The Spanish economy has experienced a steady process of growth since the beginning of industrialization at the start of the 19th century. However, though following a rather similar evolution to that of the rest of Western Europe, she underwent a relative retardation as compared to those countries. In particular, the real GDP of Spain multiplied by 40 over the period 1850–2000, with an annual average rate of growth of 2.4%; in per capita terms, GDP multiplied by 15 over the same period, and the average rate of growth was 1.7% per year. But, despite the intense catching-up that took place in the last fifty years, per capita GDP of Spain at the end of the 20th century was still around three quarters of Western Europe's, roughly the same as one hundred years before (Prados de la Escosura, 2007). On the other hand, the foreign sector has played a critical role in the development of the Spanish economy, in a country in which the endowments of natural resources were rather poor, and traditionally characterized by a relative backwardness in relation to their neighboring countries. In addition, the loss of most of the colonial empire in the first decades of the 19th century reinforced that crucial role of the foreign sector. The disappearance of the monopoly of trade with the American colonies meant that exports to the colonies and re-exporting colonial products to Europe were both drastically reduced, which translated into a reorientation of Spanish exports to the European markets and a large trade deficit. The assessment of the role played by the foreign sector in the economic progress of Spain has been controversial, though; see, e.g., Nadal, 1975 and Prados de la Escosura, 1988. An account of the main developments of the Spanish foreign sector in the last two centuries is provided in Tortella (2000). The important modernizing role played by the foreign sector on the evolution of the whole economy, though limited by its small relative size, has been emphasized in Prados de la Escosura (1988). In fact, the Spanish economy experienced a higher growth over those periods characterized by a greater external openness (as in, e.g., the 1960s, or the years after 1986); and, likewise, she fell behind coinciding with periods of a greater isolation against the rest of the world (such as the years 1890–1913, or 1930–1950) (Prados de la Escosura, 2007). On the whole, the lower weight of foreign trade on GDP as compared to the “European norm” (Molinas and Prados de la Escosura, 1989) might explain the relative backwardness of the Spanish economy until the last third of the 20th century. However, some authors have also argued that the trade deficit had been a chronic problem of the Spanish economy, given the traditional weakness of exports, and the need for essential imports such as energy, raw materials, intermediate products, and equipment goods. This, in turn, would have been translated into a subordination of growth to the evolution of the trade balance; see, e.g., Segura and García-Viñuela (1978). The recent availability of long time series for both GDP (Prados de la Escosura, 2003) and the foreign sector (Tena, 2005, Tena, 2007 and Prados de la Escosura, 2010) invites to a re-examination of the relationship between growth and foreign trade for the case of the Spanish economy. In particular, the aim of this paper will be to investigate whether or not the balance of payments would have meant an impediment to further GDP growth over the period 1850–2000. More specifically, we will analyze the two subperiods 1850–1913 and 1940–2000, on the grounds of availability of data on the current account balance (see below); leaving aside the interwar years, characterized by the disruption of the world economic order related to the first globalization. The paper is organized as follows: Section 2 offers a review of the literature on the relationship between external deficit and economic growth, together with the available evidence for the Spanish case; in Section 3 we investigate whether the external deficit was a constraint to economic growth, which is complemented with an analysis of the sustainability of current account deficits in Section 4; finally, Section 5 concludes.
نتیجه گیری انگلیسی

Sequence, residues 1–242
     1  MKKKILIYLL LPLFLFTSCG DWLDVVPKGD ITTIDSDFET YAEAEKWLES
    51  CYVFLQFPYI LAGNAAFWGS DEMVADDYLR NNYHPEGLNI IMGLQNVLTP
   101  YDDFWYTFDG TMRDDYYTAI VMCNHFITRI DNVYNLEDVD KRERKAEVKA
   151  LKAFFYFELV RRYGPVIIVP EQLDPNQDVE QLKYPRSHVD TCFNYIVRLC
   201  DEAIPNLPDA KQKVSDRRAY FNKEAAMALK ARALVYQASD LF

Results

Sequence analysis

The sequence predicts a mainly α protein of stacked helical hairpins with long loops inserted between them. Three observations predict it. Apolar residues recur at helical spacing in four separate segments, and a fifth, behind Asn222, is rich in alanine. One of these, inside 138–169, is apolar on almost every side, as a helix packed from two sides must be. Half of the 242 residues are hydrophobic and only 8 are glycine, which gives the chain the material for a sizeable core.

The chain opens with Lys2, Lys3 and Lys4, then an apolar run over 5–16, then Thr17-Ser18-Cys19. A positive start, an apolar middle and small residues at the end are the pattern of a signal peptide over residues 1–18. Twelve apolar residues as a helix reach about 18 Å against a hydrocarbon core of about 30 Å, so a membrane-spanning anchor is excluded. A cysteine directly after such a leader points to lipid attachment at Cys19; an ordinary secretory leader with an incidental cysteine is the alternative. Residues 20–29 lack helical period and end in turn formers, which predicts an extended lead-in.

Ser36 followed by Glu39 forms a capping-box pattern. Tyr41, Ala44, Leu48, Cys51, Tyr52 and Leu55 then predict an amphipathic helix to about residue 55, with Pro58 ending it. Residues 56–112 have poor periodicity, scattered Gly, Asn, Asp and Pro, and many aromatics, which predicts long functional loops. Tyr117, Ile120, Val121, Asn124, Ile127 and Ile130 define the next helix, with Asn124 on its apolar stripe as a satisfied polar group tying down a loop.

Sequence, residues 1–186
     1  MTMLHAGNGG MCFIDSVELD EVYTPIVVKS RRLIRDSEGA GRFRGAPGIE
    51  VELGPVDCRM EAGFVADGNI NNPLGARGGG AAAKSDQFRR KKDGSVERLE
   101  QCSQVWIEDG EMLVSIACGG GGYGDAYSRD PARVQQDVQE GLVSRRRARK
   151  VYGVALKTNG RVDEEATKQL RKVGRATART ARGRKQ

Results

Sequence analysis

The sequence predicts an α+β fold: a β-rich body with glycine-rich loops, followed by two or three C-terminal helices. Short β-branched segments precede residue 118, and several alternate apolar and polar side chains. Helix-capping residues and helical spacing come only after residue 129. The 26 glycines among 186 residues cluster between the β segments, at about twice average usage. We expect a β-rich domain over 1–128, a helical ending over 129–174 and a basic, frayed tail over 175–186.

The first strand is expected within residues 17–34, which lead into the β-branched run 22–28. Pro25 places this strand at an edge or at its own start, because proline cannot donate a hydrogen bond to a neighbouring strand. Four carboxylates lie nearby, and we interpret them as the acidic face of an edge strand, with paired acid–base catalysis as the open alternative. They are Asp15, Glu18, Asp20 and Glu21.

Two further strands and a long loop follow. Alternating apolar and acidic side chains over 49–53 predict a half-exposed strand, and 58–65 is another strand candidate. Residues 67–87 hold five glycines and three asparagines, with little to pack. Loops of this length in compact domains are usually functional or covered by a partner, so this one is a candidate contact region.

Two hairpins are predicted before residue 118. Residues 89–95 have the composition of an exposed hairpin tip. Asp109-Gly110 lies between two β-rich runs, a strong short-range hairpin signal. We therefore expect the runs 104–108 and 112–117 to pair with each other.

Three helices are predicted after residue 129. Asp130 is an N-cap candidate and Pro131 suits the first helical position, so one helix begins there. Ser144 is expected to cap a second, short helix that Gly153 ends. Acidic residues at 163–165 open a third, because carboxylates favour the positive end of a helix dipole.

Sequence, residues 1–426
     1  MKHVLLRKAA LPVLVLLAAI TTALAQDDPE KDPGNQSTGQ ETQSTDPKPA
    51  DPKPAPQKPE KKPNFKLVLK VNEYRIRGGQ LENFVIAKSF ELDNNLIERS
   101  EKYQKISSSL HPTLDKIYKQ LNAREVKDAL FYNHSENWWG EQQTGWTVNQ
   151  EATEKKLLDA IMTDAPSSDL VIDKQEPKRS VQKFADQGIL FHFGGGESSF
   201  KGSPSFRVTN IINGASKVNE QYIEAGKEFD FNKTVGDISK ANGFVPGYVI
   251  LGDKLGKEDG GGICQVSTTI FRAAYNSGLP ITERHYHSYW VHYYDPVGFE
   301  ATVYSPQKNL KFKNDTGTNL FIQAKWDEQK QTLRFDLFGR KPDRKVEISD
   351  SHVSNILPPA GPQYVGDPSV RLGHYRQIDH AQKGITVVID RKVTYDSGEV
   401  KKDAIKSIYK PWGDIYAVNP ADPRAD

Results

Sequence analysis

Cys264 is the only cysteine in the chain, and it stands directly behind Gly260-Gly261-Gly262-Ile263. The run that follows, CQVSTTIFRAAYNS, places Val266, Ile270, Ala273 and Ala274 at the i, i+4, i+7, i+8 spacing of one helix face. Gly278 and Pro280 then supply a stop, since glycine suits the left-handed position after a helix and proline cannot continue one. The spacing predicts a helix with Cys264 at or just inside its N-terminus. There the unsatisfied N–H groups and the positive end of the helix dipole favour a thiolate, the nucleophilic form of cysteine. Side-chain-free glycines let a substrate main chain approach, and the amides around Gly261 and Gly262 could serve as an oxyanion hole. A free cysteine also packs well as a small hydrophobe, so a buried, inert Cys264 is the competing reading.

The Spanish economy has experienced a steady process of growth through the period 1850–2000, following a similar evolution to that of the rest of Western Europe. However, only in the second half of the 20th century Spain could catch-up with these countries, offsetting, at least partially, her relative retardation dating back to the start of industrialization. Although the periods of higher growth have been related to increases in the degree of external openness, some concerns have been also raised about whether a more open foreign sector could become a constraint on further growth via unsustainable trade deficits. This argument would be justified given the structural problems underwent by the Spanish economy, as shown in the weakness of exports, and the need for some essential imports. In this paper, we have analyzed whether or not the balance of payments would have meant an impediment to further GDP growth vis-à-vis Western Europe, over the period 1850–2000. More specifically, we have examined the two subperiods 1850–1913 and 1940–2000, on the grounds of availability of data on the current account balance; so, leaving aside the interwar years, characterized by the disruption of the world economic order related to the first globalization. To this end, we have followed a simple approach, calculating the so-called balance of payments-constrained growth rate from estimated income and real exchange rate elasticities for exports and imports, and allowing for the role of capital inflows. Then, this balance of payments-constrained growth rate is compared with the actual GDP growth rate. We found that for both 1850–1913 and 1940–2000, the Spanish rate of GDP growth was only slightly above the balance of payments-constrained growth rate, so that the foreign sector does not seem to have worked as a constraint on the growth of the Spanish economy over the long run, i.e., along the two subperiods 1850–1913 and 1940–2000. Next, in order to have a more precise picture, and given the potentially different behaviors of the series within every period, we have repeated the above exercise across a set of different subperiods. In the case of 1850–1913, we have analyzed the two subperiods 1850–1891 and 1892–1913, allowing for a possible break point in 1891 that relates to the inward-looking policy stance adopted at the end of the 19th century. Regarding 1940–2000, several alternative subperiods have been examined: (i) 1951–2000, 1951–1974 and 1975–2000, attending to the evolution of the GDP series; (ii) 1940–1959 and 1960–2000, attending to the evolution of the foreign trade series; and (iii) 1960–1974 and 1986–2000, related to the end of the expansionary phase in 1974, and the Spanish integration into the EU in 1986, respectively. As an additional check of the robustness of our results, we also tried two alternative proxies for foreign output. In general, the results did not change substantially across subperiods, and depending on how foreign output was measured. We have detected just two subperiods for which the actual growth rate exceeded to a certain extent the balance-of-payments constrained growth rate. They were: (i) 1940–1959, i.e., the “autarky” period that ended into a situation of virtual bankruptcy of the economy (with an excess of between 1.3 and 2.6 points, according to the particular proxy used for foreign output); and (ii) 1959–1974, i.e., the episode of highest economic growth in Spanish economic history (with an excess of around 2 points). Finally, since the above results tend to suggest that the external deficit would have allowed the Spanish economy smooth her level of aggregate consumption over the long run, we have tested whether the external deficit was sustainable throughout the periods 1850–1913 and 1940–2000. We made this by testing the country's intertemporal solvency, i.e., the fulfillment of the nation's IBC, by means of the estimation of a long-run relationship between exports and imports of goods and services as ratios to GDP. For both periods, we found that the two variables were cointegrated, and the estimated regression coefficient was positive and significant. Since this coefficient was lower than one for 1850–1913, and not significantly different from one for 1940–2000, the current account deficit would prove to be weakly sustainable and strongly sustainable during the first and the second period, respectively. Our results for the first period, 1850–1913 would agree with those of Prados de la Escosura (2010), who found no evidence on an external constraint on growth during that time; and argues that, by making possible the arrival of foreign capital inflows, growth would have proved to be higher in periods where current account deficits predominated. On the other hand, for the second period, 1940–2000, some evidence was found on the external sector as constraint on growth for the two subperiods 1940–1959 and 1959–1974, i.e., for the whole Franco regime. While the timid reforms of the 1950s would appear as a precondition for the successful performance of the 1960s (Prados de la Escosura et al., forthcoming), the later reforms associated with the Stabilization Plan of 1959 and subsequent measures, seem to have been insufficient to allow for a sustained growth, fully free of restrictions originated into the balance of payments. Only in more recent times (and, especially, following integration into the EU) income elasticities for exports and imports seem to have reached some more favorable values, according to Krugman's (1989) terminology. In other words, the increased external openness, coupled with the structural transformations operated in the Spanish foreign trade over the last thirty years, seems to have faded out the role of the external constraint on growth. Summarizing, the foreign sector does not seem to have worked as a constraint on the growth of the Spanish economy over the long run, that is, throughout the periods 1850–1913 and 1940–2000. If any, this might have occurred in some shorter and specific subperiods, such as 1940–1959 and 1959–1974. Overall, these results would roughly support the arguments put forward by the intertemporal approach to the current account so that, far from being a constraint on further growth, the external deficit would have allowed the Spanish economy smooth her level of aggregate consumption over the long run. This outcome would hold given the finding of sustainability of the external deficit over the long run. To conclude, recall that, once Spain joined the Economic and Monetary Union (EMU) of the EU after 1999, the disappearance of the exchange rate risk made easier borrowing in international markets, due to both an increase in the supply of funds available and a decrease in its cost. In other words, the allowable external deficit would be higher in a monetary union (Blanchard and Giavazzi, 2002). Even though such an argument certainly softens the practical significance of the external constraint on growth for a country belonging to a monetary union, this should not mean neglecting the size of the external deficit, however. For instance, a large external deficit could reflect an unbalanced growth pattern and a loss of competitiveness of the economy, leading to a higher inflation than in the rest of the union, and hence to a real exchange rate appreciation. However, in a monetary union is no longer possible to offset such a loss of competitiveness by means of the depreciation of the nominal exchange rate, requiring instead a lower growth of domestic prices that would affect negatively future growth prospects. In other words, in a monetary union, the external constraint would be still binding, and the financing of current account imbalances would not be without limit.6 The nonclear-cut results on current account sustainability in the Spanish case for the period 1970–2007, found in Bajo-Rubio et al. (2011) can be interpreted in this light.